Gulliver’s Wife by Lauren Chater

The moment I read the first few sentences of this glorious book, I knew I was going to love it – and I did. The writing is lyrical and lovely, the story fascinating and clever, and the history that weaves through its pages brought to life in simply stunning ways. But what really makes this utterly engrossing novel so captivating is the premise that underpins the entire narrative.  While most of us either grew up with Jonathan Swift’s satirical travelogue/novel, Gulliver’s Travels, or know of the extraordinary adventures its protagonist, ship‘s surgeon, Lemuel Gulliver underwent through various popular culture retellings (eg. the movie starring Ted Danson as Gulliver) not much thought at all is given to his wife or family who were left behind. Well, Chater changes that. This is the story of Mary Gulliver and her two children and how they survived in Lemuel’s absence on upon his unexpected return.  The book is set during a time when women were completely subordinated to their husbands and society was patriarchal in every sense. When Lemuel is believed dead after three years missing at sea, Mary Gulliver not only provides for her family through her formidable skills as a healer and midwife, but excels. Imagine then, after attaining liberty, repaying her selfish husband’s debts and raising her children, her husband returns, expecting his household to revert back to the way it was – with him at its head and his every need and whim met. Furthermore, though he’s ill, he won’t be shifted from telling incredible tales of what happened to him while he was away, stories that threaten to undermine and even destroy the reputation Mary has, through hard graft and determination, restored.  This is the story Chater gives us – from the point of view of Mary and...

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The Phone Box at the Edge of the World Laura Imai Messina

This exquisite book, set after the shocking Tsunami that struck Japan in 2011 and took so many lives, wreaking havoc upon the people and land, tells the story of how some survivors handled their overwhelming grief in the aftermath.  While the book focuses mainly on Yui (whose mother and daughter were swept away) and Takeshi, a doctor whose wife died of cancer and whose young daughter has fallen into silence ever since, we’re introduced to a host of other characters who find solace, not just in each other (though not in the sense you’d usually expect – they don’t console one another in the ways we traditionally understand this), but in their memories, actions and choices and, through a special place. In a garden by the ocean, Bell Gardia, an elderly couple have a disused phone box which houses the “Wind Phone.” Here, people who are grieving, are welcomed to come and speak into the hand piece, communicate with those who’ve died or who are no longer present in their lives. In expressing their pain, dreams, love, rage etc and sharing with those they’ve lost, these people find ways to connect their past, their sorrow, and reconcile their present. That this place and the phone and its purpose really exist (how wonderful!) gives the tale a special frisson.  I admit, I was a little concerned that a book that focuses so much on such tragedy, on death and its impact on the living, would be bleak and miserable. Far from it. This heart-achingly lovely book has moments that do explore the depths of sadness, but it’s done with such beauty and thoughtfulness, imbuing even the smallest actions and thoughts with deep meaning. Yes, I ached, I cried, but I also felt a warm bud of happiness that grew as...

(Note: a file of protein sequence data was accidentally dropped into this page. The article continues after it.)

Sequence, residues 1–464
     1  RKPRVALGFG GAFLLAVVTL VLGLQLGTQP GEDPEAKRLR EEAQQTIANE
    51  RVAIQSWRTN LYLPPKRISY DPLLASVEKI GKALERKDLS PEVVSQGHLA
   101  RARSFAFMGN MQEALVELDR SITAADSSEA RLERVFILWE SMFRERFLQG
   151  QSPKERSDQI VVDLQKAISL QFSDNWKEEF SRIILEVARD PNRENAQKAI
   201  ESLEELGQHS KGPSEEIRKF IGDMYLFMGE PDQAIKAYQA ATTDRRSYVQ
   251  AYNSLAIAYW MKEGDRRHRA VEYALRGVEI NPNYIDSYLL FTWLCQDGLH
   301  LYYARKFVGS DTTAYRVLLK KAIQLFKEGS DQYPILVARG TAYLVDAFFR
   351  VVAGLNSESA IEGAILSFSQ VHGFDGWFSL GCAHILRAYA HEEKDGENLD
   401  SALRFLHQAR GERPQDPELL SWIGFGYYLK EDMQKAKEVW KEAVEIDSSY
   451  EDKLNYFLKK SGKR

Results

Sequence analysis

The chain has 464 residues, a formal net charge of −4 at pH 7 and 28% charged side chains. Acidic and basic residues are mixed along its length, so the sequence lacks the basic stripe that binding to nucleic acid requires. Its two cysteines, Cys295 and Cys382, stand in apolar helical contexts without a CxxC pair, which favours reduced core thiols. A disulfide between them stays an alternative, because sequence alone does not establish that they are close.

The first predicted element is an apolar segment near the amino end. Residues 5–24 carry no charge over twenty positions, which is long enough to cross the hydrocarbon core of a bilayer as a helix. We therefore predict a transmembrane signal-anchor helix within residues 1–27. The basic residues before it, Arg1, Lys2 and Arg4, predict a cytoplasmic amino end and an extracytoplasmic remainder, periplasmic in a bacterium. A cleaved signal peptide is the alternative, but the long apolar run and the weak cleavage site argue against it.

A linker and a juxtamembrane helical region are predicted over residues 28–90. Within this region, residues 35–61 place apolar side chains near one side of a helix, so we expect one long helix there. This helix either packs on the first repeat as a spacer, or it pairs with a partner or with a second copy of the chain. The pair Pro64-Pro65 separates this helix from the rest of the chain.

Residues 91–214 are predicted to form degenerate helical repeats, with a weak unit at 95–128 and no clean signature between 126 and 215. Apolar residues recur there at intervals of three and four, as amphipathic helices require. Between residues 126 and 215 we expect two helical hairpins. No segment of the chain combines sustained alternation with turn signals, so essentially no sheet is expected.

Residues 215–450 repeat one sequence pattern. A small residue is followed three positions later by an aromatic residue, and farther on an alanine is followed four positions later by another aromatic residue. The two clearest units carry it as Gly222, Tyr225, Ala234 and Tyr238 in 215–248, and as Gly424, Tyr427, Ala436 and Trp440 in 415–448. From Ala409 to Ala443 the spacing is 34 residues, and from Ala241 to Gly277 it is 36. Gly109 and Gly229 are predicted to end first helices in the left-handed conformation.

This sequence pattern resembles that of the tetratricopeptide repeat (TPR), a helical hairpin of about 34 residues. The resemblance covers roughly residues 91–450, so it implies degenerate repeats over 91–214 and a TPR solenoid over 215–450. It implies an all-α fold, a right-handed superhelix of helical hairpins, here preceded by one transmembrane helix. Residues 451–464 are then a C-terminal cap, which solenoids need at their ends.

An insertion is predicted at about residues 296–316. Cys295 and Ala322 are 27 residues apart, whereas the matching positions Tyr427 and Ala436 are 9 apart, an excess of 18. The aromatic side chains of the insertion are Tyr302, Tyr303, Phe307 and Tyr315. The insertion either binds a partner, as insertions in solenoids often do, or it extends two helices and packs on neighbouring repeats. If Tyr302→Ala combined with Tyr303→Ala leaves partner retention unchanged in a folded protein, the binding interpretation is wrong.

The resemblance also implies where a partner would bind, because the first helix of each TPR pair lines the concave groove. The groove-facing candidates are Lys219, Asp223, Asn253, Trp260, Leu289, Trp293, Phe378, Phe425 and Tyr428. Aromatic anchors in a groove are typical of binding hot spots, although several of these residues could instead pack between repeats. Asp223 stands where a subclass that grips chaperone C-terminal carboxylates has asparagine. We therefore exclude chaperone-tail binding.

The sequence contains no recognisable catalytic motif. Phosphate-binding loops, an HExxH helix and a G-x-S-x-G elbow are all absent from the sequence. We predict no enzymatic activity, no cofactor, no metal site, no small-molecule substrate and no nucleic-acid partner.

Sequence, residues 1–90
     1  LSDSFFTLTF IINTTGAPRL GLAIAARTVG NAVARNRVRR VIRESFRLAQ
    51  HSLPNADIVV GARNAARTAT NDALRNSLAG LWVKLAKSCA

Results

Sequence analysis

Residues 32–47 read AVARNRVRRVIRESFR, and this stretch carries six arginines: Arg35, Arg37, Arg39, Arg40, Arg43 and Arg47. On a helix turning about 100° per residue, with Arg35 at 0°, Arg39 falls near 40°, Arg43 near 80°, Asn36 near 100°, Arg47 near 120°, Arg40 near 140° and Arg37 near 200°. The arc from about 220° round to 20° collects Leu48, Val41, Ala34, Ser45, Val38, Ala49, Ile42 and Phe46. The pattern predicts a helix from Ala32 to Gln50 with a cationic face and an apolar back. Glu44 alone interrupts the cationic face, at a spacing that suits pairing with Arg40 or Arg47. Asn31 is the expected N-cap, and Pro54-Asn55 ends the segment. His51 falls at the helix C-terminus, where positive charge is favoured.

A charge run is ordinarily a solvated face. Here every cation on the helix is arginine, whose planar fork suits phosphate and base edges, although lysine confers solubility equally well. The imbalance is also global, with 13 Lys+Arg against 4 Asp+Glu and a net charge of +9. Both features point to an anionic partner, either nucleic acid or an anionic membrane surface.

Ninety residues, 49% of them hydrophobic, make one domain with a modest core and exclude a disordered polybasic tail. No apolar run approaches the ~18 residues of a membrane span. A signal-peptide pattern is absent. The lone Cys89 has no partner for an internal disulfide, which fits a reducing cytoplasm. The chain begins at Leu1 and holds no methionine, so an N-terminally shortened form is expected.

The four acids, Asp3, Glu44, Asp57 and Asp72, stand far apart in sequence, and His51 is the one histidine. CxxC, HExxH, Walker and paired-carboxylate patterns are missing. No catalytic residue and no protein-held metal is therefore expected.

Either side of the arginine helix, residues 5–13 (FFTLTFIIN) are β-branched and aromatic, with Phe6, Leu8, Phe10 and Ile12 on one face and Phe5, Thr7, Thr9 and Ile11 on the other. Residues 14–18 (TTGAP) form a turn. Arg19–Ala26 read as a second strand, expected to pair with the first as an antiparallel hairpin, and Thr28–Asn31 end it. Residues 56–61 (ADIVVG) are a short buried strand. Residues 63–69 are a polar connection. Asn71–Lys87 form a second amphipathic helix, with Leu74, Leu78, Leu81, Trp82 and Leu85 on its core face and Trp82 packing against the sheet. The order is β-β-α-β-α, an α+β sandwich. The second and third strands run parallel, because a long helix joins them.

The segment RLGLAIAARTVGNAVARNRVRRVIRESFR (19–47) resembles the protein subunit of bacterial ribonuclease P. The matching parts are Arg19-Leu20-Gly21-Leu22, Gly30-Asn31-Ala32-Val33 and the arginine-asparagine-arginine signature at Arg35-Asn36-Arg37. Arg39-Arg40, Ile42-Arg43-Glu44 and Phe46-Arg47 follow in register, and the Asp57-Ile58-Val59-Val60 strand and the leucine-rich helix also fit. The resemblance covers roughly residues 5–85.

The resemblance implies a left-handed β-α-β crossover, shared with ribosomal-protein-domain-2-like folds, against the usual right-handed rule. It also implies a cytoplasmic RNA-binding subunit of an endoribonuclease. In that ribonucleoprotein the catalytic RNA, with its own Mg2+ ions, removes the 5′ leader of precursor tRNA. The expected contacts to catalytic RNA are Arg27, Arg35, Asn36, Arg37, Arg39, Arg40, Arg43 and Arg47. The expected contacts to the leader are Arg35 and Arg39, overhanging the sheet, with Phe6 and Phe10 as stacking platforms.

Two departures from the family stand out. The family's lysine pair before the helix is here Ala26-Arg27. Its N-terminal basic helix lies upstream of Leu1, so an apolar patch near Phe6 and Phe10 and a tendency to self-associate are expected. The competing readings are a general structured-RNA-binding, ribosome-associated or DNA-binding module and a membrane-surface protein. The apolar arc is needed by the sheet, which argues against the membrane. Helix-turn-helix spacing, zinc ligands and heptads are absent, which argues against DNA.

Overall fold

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The Hunting Party by Lucy Foley

This book was unexpected. While the premise was fairly typical of a mystery/crime novel (a group of old friends travel somewhere remote – the Scottish Highlands – to celebrate New Year when tragedy strikes and they’re stranded), the style was very original. Written as a number of first-person narratives, the reader gets to know a few of the characters intimately whether they’re the London guests with relationships spanning up to twenty years, or the staff that work at the gorgeous lodge they’ve booked in the wilds of Scotland. While the tale commences with the tragedy, it then segues back and forth to three days before, to “Now” and then brings the reader ever closer to the moment death strikes.  The combination of first-person POV, which means we sometimes see the same set of circumstances and interactions from completely different perspectives, as well as the shifting time frame, gives such immediacy to the story. I found I wanted to keep reading, even as my eyes grew heavy. Turning the next page, I would experience a chill, a frisson, that made me keep going. In that sense, the book is a real page turner. I have seen criticism of the book in relation to the characters, some readers finding them genuinely unpleasant. There is that – most are not ‘nice’ with secrets and flaws that make them unlikable but never, I felt, unrelatable. They admit to their faults, even try to psychoanalyse themselves. While the this generally fails, it’s the fact Foley gives the reader contexts and other perspectives for understanding certain characters’ actions and motivation that redeems them somewhat. I found it refreshing to have characters portrayed in such shades of grey. It’s also what made the perpetrator hard to pick. Overall, I thought his a great, escapist read. So...

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The Girl in the Mirror by Rose Carlyle